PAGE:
I'd agree except for one thing - latency. The higher the sample rate the lower the latency - assuming the gear can handle it.

But sound wise - true - I'm deep into "meh" territory. 24/48 all the way for me (particularly as all my outboard hangs off ADAT.)
Old 3 weeks ago
  #9
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surflounge's Avatar
 
🎧 10 years
broadcast = 48
CD = 44.1
Old 3 weeks ago
  #10
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telecode's Avatar
 
🎧 5 years
all my interfaces can do up to 96k 24bit. even my old m-audio firewire. they just have different quality DAC and pre-amps. which is a separate issue from project sample rate and bit depth. i just make music. CDs are 44.1/16 bit but i work in 48k/24. the way it was explained to me is that you need to work in 2x what your final export will be. so i work in 48/24 and export in 44/16. i may be approaching this wrong -- but it works for me and the project file sizes are manageable.
Old 3 weeks ago
  #11
Here for the gear
Thank you very much for the replies.
There is anything different to consider if i work 100% in the box?
My doubt is if the downsampling is always preferable instead to have a lower nyquist level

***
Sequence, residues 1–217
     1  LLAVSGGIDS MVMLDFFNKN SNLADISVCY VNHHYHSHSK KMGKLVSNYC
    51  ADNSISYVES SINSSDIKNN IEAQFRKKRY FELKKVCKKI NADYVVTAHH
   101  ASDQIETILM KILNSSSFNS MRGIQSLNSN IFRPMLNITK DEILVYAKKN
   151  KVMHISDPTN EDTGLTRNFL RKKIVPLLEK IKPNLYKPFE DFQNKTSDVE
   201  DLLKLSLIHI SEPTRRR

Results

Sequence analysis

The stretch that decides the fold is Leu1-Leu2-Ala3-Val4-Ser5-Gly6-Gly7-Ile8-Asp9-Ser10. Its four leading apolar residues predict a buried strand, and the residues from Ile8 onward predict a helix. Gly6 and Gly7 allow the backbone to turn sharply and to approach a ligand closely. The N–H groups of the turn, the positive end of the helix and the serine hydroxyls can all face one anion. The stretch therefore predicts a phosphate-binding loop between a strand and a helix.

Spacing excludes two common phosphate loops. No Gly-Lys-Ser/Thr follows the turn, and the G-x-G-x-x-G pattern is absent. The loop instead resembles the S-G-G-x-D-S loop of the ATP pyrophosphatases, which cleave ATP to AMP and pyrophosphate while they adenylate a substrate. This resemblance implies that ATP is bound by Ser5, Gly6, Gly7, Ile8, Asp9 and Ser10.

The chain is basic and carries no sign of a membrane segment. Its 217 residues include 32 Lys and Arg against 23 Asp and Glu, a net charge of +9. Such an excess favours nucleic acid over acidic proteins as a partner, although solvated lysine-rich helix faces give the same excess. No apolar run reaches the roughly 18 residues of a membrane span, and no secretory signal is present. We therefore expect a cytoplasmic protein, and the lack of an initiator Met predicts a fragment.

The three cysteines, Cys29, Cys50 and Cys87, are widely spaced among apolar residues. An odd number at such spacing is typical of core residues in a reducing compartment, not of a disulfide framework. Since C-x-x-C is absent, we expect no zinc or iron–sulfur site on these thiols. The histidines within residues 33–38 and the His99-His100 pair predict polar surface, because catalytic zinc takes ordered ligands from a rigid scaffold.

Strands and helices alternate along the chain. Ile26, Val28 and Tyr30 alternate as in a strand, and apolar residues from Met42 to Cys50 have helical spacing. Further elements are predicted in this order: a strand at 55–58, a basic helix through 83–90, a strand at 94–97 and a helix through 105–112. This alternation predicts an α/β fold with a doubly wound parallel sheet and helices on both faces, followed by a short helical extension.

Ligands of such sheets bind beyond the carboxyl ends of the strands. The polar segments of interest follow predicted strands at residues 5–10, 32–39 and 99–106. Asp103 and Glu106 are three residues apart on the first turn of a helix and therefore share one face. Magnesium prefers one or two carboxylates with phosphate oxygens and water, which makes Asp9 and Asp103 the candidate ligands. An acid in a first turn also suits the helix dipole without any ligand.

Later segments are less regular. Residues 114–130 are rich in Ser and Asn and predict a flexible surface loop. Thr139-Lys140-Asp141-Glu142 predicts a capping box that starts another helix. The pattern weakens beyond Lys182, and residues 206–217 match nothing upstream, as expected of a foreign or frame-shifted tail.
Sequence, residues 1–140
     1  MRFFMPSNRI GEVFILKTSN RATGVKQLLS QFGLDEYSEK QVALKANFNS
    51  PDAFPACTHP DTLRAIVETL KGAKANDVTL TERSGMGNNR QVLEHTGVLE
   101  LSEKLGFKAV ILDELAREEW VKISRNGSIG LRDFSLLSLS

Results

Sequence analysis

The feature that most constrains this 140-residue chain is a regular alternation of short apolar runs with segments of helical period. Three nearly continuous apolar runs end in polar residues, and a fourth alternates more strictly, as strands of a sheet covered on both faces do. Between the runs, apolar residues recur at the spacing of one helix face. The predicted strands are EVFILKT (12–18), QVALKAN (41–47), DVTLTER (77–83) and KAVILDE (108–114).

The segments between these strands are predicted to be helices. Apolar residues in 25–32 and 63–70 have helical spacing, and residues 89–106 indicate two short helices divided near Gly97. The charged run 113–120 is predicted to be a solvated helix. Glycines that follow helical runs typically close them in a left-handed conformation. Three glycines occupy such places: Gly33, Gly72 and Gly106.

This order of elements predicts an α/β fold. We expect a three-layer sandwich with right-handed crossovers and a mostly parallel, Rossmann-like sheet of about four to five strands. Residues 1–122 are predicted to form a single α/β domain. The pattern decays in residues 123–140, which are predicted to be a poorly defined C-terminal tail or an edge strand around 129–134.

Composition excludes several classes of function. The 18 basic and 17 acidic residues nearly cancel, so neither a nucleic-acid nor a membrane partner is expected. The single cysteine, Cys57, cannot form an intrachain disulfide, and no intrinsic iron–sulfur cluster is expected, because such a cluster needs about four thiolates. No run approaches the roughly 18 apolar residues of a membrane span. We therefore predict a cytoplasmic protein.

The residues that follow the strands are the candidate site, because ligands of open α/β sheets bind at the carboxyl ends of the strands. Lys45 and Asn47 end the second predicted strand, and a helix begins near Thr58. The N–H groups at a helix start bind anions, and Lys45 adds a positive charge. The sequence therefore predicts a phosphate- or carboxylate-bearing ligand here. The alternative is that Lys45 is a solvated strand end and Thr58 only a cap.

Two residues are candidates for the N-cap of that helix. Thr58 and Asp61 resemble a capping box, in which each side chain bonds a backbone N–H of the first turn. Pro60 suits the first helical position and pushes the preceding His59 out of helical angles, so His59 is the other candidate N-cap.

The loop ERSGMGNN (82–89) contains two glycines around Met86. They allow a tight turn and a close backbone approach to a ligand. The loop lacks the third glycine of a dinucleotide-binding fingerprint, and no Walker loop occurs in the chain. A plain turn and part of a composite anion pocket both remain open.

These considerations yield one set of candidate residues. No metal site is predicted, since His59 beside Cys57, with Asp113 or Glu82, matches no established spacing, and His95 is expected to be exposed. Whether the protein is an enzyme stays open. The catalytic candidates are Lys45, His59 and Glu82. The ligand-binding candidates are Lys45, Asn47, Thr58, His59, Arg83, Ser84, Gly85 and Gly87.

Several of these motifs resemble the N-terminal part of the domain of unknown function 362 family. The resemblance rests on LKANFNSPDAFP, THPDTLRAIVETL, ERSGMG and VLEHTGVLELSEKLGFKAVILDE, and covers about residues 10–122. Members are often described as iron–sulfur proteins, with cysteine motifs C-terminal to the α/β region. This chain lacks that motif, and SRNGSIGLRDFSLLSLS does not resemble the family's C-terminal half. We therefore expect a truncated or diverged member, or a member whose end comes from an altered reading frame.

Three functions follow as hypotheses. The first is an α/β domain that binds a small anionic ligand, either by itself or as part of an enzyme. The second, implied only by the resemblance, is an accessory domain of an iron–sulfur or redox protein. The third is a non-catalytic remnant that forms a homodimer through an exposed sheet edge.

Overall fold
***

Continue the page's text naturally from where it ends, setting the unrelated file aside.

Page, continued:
Old 3 weeks ago | Show parent
  #12
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Quote:
Originally Posted by scraggs ➡️
Seriously. No one has ever wanted any 10hz on their records, why's it different at the other end of the spectrum? What's up there above 20k anyone thinks they need more of?
It's not necessarily about preserving frequencies above 20kHz, but rather having a more gentle anti-aliasing filter.

Quote:
Originally Posted by scraggs ➡️
Lots of times I go to SRC a hi-res master in RX and I chuckle when I see there's no freqs over 20k.

Likewise (conversely?) I chuckle when I put on a hi-res remaster and see some nice line noise/whine at 30k. Gotta preserve all that stuff as faithfully as possible! Low level details!
Well, this just proves that some people don't know what they're doing, not that the method itself is of no use.
Old 3 weeks ago | Show parent
  #13
Quote:
Originally Posted by SmoothTone ➡️